Third International Conference on Environmental Economics and Investment Assessment
3 - 5 May 2010
The third International Conference on Environmental Economics and Investment Assessment has recently taken place in Cyprus, organised by the National Technical University of Athens and the Wessex Institute of Technology. The Chairmen were Professors Konstantinos Aravossis of the National Technical University of Athens and Carlos A Brebbia of the Wessex Institute of Technology.
The current emphasis on sustainable development is a consequence of the general awareness of the need to solve numerous environmental problems resulting from our modern society. This has resulted in the need to assess the impact of economic investments on the environment. The conference addressed the topic of Investment Assessment and Environmental Economics in an integrated way, in accordance with the principles of sustainability, considering the social and environmental impacts of our new investments.
The usual assumption is that it is difficult to achieve the growth of enterprise in an environmental friendly manner. This paradigm usually associated with developed countries is now affecting all regions of the world. The main question is if the development of enterprise is compatible with environmental protection.
The roots of financial development are financial growth, which in conventional terms requires an increase in production and the use of some resources. Overuse of those resources can result in ecological devastation and a large release of waste and pollution into the environment.
The conference addressed these problems of primary importance to society, discussing and proposing a more constructive and progressive approach to ensure sustainability.
Professor Brebbia gave a short presentation regarding the role of the Wessex Institute of Technology and in particular its objective of acting as a medium for transfer of knowledge amongst different partners, including academics and professionals. He stressed the future applications of many research ideas developed at the Institute, which are reflected in the growth of its Industrial Research Division. The work of WIT – Professor Brebbia said – does not attempt to replace or compete with those of other institutions but the Institute sees itself as complimentary to many different organisations around the world. The conferences and publications programme of the Institute provides an important mechanism to achieve this objective.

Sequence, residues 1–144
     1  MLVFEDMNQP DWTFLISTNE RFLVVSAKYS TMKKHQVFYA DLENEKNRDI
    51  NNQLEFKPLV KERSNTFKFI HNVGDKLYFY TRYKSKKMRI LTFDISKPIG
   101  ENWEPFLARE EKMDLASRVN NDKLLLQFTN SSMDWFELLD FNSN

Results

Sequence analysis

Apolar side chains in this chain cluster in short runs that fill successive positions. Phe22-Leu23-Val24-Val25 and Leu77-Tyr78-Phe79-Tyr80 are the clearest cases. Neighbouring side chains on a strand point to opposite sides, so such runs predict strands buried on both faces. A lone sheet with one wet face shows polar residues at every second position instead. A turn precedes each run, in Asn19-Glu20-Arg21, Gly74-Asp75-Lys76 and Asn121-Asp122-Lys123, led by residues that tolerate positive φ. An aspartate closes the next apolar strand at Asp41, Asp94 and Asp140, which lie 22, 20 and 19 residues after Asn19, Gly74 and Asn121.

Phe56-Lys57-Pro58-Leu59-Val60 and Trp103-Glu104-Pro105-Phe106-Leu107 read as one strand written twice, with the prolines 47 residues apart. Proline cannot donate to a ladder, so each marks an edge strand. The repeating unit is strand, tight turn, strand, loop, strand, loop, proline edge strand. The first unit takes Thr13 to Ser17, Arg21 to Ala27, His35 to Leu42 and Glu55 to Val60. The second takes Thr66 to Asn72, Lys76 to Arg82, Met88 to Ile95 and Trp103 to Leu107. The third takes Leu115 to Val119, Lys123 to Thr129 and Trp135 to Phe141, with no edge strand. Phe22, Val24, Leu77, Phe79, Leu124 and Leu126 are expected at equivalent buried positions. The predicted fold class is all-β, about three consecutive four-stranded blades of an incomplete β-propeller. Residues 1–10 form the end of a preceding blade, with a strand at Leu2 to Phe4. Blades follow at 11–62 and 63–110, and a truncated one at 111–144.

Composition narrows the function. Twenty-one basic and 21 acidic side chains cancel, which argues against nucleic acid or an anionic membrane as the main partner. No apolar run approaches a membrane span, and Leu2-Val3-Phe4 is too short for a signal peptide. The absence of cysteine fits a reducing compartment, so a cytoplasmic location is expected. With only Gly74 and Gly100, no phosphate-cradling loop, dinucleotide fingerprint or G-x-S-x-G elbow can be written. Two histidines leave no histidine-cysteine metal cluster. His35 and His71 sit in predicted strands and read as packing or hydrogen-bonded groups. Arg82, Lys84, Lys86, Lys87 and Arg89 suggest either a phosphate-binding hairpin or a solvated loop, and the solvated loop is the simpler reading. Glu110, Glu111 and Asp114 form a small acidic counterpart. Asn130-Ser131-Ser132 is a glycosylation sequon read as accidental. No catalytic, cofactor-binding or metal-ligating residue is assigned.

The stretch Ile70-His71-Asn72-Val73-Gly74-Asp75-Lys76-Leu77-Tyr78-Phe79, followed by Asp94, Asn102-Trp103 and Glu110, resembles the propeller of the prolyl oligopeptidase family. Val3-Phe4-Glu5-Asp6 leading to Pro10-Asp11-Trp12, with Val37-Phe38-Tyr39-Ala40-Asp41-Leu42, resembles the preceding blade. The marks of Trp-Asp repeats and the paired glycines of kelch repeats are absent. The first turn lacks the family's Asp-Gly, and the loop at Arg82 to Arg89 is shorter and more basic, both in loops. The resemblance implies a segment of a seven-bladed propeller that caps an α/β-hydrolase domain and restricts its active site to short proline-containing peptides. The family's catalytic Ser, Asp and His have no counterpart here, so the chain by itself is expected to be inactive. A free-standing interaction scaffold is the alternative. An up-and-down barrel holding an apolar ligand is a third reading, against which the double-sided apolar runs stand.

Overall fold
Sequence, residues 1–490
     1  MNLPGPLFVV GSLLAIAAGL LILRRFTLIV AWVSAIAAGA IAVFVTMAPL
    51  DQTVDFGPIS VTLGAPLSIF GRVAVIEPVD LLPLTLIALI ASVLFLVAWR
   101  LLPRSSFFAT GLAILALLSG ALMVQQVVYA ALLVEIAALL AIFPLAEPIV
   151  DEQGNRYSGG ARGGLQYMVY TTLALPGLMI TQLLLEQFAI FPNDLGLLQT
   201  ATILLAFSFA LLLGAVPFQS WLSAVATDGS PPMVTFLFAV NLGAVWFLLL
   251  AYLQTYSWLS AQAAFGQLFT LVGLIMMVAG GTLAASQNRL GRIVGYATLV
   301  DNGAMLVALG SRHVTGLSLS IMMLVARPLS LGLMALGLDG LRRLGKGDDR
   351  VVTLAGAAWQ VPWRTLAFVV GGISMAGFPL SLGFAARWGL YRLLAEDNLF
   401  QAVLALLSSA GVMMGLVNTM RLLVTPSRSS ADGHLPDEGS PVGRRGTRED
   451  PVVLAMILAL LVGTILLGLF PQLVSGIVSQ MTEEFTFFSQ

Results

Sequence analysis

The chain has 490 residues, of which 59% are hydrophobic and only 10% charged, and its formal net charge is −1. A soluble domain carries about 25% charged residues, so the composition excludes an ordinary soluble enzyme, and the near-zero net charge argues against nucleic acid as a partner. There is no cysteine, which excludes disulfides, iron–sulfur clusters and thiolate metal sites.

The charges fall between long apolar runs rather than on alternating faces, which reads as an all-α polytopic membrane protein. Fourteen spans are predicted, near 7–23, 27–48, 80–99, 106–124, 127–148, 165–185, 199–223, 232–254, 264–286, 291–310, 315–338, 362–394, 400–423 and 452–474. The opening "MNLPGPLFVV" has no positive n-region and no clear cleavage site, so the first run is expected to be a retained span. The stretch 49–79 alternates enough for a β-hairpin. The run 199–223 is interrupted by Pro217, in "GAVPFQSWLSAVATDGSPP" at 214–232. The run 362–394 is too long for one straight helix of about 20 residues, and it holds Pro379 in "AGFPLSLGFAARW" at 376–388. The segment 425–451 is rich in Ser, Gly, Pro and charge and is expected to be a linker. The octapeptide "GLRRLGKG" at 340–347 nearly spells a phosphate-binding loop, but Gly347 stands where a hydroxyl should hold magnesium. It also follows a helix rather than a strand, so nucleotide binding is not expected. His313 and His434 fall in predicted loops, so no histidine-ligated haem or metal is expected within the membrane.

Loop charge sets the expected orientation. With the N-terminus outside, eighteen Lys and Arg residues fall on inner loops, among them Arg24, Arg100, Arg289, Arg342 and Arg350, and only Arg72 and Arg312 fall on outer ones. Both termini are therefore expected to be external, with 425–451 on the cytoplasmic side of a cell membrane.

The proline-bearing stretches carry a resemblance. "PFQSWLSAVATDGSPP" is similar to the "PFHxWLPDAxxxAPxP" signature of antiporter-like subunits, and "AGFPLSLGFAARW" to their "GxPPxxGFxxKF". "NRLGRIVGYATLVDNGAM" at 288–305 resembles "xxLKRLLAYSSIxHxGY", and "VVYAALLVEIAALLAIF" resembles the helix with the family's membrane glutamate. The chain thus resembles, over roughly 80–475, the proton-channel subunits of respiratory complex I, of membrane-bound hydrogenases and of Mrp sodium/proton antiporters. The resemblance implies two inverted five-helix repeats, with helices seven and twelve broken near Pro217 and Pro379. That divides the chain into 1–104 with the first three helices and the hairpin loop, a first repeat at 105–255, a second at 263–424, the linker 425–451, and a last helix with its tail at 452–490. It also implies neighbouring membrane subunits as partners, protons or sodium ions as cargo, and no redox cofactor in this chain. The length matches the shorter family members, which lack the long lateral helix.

Many new initiatives at the Institute reflect its commitment to advanced research dissemination. All WIT Publications, including Journals and books, are now offered in digital format, aiming to reach an even wider audience.
Professor Brebbia also pointed out the importance of the Journals launched by WIT, particularly those in the field of Development and Planning which have already published a special issue of the previous conference. Outstanding papers, as well as new books are always valued by WIT.
Following these remarks, Professor Konstantinos Aravossis gave a special opening address on the topic of ‘Corporate Social Responsibility (CSR) and Investments’. Professor Aravossis discussed the importance of CSR which refers to the obligation of a party, beyond that required by law or economics, to pursue long-term goals that are good for society.
The number of organisations engaging in social behaviour and activities have increased markedly in recent years with large international companies being the first to adopt CSR. They found that CSR increases customer loyalty, results in more supportive communities, helps to recruit and retain talented employees, improves quality and productivity and avoids potential public relations risks which may arise from environmental incidents.